With a quality score out of seven, you don’t get the avoidance of the endpoint like you do with a nine-point scale. In our system, people also have to take time to identify what they taste before they rate the quality of the product.
Conventional testing: taste → rate out of nine
Gastrograph AI: taste → fill out a full sensory profile (identifying flavor attributes & their intensities) → rate out of seven
The result is that we allow consumer tasters to accurately describe what they taste, so we avoid flavor offloading.
Tasters can select a label to describe their flavor or write a new one in any language they want.
Our results are also indicative of sustained preference. Jason explains, “You can get a lot of preference from products that have novelty. If you’ve never tasted, say, a blue raspberry lemonade, and you taste one, and you’re like, oh, wow, that’s really interesting.” But as the novel wears off, preference falls.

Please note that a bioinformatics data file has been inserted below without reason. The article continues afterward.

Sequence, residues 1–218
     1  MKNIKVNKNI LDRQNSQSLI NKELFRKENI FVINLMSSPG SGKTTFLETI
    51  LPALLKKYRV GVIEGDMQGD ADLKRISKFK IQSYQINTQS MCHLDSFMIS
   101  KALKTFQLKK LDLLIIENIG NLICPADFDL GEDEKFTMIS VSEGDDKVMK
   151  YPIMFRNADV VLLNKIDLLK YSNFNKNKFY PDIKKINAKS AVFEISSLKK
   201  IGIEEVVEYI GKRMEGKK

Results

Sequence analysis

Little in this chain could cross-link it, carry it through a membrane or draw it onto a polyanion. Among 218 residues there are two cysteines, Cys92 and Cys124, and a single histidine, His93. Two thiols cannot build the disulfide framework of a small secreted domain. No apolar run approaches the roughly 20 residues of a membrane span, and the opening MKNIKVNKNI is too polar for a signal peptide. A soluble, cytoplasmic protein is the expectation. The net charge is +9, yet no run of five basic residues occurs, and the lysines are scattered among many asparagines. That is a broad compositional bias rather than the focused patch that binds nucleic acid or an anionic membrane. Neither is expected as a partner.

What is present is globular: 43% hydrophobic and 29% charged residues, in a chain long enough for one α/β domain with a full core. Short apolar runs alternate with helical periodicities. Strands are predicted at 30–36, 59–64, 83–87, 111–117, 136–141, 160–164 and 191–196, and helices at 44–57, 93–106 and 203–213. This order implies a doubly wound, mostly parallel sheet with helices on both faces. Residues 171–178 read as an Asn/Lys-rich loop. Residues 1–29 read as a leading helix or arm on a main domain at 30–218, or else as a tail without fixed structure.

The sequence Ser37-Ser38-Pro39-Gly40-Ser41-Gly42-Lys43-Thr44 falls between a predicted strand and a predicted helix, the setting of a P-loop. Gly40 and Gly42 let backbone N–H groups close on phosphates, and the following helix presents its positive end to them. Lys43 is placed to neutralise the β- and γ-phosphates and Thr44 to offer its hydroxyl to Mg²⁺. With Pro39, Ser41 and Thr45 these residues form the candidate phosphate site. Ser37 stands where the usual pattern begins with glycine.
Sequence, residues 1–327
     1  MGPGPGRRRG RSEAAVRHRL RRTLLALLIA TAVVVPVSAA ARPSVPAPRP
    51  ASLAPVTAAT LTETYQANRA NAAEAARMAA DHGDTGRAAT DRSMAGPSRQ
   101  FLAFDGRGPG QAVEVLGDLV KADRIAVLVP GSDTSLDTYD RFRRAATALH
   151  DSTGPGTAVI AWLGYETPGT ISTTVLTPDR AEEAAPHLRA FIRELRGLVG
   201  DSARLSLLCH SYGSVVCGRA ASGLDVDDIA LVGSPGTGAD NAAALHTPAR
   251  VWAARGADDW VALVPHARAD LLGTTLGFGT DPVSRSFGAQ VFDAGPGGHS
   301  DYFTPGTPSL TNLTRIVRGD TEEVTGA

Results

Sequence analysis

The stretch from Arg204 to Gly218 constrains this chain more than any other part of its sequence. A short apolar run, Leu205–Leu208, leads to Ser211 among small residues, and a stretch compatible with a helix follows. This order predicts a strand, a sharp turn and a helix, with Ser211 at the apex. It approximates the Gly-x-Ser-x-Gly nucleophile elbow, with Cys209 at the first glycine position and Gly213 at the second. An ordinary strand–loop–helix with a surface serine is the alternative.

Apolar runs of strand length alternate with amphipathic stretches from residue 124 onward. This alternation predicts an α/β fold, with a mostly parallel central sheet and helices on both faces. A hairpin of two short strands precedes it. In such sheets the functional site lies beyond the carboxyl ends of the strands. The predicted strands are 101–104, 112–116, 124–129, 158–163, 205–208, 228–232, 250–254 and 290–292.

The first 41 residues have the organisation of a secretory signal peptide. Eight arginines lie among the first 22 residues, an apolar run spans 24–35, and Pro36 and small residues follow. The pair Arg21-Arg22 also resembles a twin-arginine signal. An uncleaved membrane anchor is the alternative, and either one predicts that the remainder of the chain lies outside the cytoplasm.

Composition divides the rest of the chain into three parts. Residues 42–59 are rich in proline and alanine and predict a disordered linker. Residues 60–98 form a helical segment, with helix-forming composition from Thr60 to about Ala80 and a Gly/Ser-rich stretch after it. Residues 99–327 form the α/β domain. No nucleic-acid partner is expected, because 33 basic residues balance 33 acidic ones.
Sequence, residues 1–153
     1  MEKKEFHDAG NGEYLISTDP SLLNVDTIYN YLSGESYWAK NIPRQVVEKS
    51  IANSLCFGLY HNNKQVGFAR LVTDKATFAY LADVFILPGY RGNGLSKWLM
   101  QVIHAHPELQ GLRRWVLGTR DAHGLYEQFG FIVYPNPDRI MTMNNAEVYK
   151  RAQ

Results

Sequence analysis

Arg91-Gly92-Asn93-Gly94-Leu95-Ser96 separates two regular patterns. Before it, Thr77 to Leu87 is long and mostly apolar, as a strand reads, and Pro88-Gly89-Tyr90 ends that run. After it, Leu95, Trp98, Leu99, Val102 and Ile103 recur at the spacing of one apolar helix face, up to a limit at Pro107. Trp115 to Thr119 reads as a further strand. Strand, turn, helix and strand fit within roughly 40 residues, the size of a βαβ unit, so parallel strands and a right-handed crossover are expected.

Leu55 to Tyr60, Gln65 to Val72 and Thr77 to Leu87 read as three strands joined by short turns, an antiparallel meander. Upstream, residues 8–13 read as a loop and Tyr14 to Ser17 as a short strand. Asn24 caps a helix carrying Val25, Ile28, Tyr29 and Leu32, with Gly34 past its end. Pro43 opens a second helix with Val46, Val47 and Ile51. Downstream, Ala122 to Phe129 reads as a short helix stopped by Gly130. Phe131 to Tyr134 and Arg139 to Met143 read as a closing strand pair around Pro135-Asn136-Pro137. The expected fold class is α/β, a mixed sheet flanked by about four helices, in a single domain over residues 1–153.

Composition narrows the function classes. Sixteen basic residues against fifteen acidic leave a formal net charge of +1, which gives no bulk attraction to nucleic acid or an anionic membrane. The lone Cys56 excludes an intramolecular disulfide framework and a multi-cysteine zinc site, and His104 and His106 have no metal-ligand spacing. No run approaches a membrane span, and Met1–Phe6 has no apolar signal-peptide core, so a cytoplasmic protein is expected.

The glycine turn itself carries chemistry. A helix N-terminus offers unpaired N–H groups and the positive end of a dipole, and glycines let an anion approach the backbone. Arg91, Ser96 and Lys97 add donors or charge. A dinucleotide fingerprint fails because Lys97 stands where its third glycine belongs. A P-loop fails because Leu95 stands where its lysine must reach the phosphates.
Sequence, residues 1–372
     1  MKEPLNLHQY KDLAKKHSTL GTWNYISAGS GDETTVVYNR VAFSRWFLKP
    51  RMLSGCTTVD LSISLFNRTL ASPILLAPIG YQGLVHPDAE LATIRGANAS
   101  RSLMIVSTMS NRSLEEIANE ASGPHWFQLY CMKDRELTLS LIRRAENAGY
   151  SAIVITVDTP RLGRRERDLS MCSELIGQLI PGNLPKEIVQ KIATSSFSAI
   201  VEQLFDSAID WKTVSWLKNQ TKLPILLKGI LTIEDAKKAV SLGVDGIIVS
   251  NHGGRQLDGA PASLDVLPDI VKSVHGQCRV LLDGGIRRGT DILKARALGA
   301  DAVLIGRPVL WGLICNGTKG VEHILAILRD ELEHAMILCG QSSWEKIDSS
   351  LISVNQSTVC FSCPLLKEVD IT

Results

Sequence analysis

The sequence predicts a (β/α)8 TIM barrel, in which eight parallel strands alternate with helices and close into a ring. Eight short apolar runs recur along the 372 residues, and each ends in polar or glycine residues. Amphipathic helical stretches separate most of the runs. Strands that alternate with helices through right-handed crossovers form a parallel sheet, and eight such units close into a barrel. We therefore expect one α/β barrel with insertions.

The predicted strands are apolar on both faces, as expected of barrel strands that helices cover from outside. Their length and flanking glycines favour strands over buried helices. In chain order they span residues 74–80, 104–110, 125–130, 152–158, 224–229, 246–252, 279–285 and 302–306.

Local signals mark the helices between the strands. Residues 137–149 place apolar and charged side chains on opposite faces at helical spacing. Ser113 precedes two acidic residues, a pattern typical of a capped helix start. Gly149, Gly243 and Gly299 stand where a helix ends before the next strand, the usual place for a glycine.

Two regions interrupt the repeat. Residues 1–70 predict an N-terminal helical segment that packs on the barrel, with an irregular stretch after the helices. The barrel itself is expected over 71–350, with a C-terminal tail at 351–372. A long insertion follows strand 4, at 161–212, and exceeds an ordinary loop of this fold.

With Gastrograph, Jason says, “[tasters] already had to think about all the flavors and work to identify the flavors in our system,” so when they rate the products, the results are more indicative of a two to three-week trial. Getting an idea of preference over time is so important in the CPG industry because a product’s success depends on repeat purchases.
We’ve built our AI models on tasting data from all over the world, which allows us to avoid biased testing samples. In traditional testing, companies typically sample-heavy users, then take an average and use that as an indication of how the general population will respond.
At Gastrograph, we’ve spent years creating perception and preference models for different subpopulations all over the world. Our system understands how different demographics perceive different flavors and how this influences their preference.
When we’re testing out a new product, we collect perceived quality scores from one demographic. We’re then able to translate those scores to predict how the product would fare with whichever population you want to target.
Solve the Mystery of Consumer Preference
Gastrograph gives you an abundance of useful data to inform your product decisions. We can accurately predict consumer preference, so you’re able to successfully launch products you know people will love.